N.J. small businesses left to fend for themselves by Murphy administration during pandemic, owners say

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Republican lawmakers held a hearing Friday on the impact of the state's pandemic response on New Jersey's small businesses.

At the onset of the pandemic, Vinnie Brand, the owner of Stress Factory comedy clubs in New Jersey and Connecticut, had just opened a restaurant adjacent to his Bridgeport club and employed more than 50 full-time employees to whom he proudly provided health insurance. He was also “essentially” debt free, save for a $25,000 line of credit.

A year later, he told Republican lawmakers probing the effect of the state’s pandemic response on New Jersey’s small businesses Friday, he’s slashed his full-time employee ranks by two-thirds and eliminated health benefits for those who remained. He’s also half a million dollars in debt, he said.

“The damage done to our business is significant,” and that’s to say nothing of the up-and-coming entertainers who have been crushed, he said.

Of the business owners who testified during Republicans’ virtual hearing, Brand had perhaps the nicest things to say about Gov. Phil Murphy’s handling of the pandemic. It has been a most difficult time to govern, he said, and to be sure, Murphy “got some things right.”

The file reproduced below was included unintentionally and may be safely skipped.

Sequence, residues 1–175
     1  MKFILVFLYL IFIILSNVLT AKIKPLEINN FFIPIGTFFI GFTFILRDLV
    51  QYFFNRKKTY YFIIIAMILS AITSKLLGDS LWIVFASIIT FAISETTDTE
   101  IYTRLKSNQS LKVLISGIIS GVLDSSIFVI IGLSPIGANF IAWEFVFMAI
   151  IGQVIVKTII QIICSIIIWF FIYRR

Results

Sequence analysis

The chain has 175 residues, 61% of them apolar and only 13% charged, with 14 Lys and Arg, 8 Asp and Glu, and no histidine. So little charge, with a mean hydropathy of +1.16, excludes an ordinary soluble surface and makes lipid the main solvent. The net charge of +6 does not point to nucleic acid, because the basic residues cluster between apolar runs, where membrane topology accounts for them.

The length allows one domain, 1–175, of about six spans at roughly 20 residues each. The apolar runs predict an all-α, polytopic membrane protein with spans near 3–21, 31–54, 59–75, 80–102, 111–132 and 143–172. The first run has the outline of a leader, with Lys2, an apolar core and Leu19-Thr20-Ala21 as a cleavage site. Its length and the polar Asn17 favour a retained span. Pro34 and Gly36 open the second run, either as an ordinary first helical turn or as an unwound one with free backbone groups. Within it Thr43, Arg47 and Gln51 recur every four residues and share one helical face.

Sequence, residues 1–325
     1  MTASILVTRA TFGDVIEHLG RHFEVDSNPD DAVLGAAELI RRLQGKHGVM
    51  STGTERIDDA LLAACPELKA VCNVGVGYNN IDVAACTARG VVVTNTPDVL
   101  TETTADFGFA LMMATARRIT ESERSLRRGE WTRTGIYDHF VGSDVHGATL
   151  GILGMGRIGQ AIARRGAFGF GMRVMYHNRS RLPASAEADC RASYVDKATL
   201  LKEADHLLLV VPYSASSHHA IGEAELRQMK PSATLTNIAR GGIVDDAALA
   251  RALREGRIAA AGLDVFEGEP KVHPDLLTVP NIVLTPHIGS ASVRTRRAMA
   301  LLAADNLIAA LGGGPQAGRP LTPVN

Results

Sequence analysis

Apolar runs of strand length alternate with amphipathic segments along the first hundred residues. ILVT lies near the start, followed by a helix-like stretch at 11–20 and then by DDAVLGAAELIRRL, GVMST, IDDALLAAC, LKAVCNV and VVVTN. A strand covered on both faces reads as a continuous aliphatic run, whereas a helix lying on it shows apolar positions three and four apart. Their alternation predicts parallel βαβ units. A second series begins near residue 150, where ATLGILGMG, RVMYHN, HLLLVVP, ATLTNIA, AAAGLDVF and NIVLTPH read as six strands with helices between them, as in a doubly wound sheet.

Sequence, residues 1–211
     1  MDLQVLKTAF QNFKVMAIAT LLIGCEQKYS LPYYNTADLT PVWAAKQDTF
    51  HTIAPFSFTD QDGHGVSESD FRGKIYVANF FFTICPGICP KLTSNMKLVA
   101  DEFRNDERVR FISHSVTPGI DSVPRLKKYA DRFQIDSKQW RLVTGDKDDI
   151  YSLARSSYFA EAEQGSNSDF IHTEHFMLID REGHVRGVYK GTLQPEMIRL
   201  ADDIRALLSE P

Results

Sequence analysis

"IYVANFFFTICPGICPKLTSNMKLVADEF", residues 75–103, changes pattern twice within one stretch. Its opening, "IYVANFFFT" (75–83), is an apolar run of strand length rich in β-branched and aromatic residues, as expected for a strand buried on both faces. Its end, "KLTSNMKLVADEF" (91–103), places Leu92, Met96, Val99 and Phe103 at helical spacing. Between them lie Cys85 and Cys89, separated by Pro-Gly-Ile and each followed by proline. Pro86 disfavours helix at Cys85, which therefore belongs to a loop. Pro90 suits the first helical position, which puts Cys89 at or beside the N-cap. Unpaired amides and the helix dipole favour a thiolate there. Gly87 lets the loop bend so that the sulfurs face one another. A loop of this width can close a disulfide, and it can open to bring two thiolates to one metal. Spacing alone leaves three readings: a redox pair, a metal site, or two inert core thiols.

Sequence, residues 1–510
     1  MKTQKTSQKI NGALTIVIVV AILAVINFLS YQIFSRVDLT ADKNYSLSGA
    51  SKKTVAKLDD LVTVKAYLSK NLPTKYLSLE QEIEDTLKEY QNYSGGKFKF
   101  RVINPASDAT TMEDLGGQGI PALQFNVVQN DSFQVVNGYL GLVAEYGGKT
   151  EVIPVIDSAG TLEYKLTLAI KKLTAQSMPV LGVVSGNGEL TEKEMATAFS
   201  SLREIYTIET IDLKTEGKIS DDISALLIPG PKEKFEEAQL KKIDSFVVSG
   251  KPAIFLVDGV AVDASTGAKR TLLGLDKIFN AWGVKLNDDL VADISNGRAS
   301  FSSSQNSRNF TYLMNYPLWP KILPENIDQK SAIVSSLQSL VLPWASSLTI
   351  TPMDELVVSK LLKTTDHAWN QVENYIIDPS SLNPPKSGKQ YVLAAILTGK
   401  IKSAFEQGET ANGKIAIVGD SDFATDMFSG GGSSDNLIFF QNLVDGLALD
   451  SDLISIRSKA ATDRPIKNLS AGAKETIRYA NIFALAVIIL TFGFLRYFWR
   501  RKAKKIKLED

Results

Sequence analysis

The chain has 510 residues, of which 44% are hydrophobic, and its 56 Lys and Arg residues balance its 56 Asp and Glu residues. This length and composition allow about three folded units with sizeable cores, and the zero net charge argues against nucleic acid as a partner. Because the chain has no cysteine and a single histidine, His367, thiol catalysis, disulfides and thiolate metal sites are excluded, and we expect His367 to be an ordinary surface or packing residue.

But it’s time, he said, to get more right, to let small business owners have a voice in their future and to allow for more individualized reopening plans.

“To be told that you’re nonessential and that you cannot work, and that you’re simultaneously going to become your child’s teacher. You’re going to simultaneously lay off people you’ve worked with for 17 years. You’re simultaneously going to liquidate assets that were meant to take care of you, to provide your life in a retirement environment. To have all of that happen without a significant voice at the table is very, very damaging,” he said.

Sen. Joe Pennacchio, R-Morris, said he hoped the lawmakers’ hearing would fill a void for New Jersey business owners who feel they aren’t being heard and called for a full investigation into the Murphy administration’s handling of the pandemic.

“I apologize for all the pain this government has caused our business community. I am sorry that (the administration was) not clear and did not supply science and data that was due you for the pain that was inflicted upon you. And I am sorry for the lack of legislative oversight. You were let down,” he said Friday.

Business owners criticized Murphy for failing to supply business owners with clear metrics used to determine operating restrictions and guide reopening. Industry lobbyists argued their members are willing to jump through hoops to reopen and know they can do so safely but their pleas are ignored. Lawmakers criticized what they described as a “one-size-fits-all” approach that ignores regional differences in infection rates and data they say proves many small businesses can reopen safely.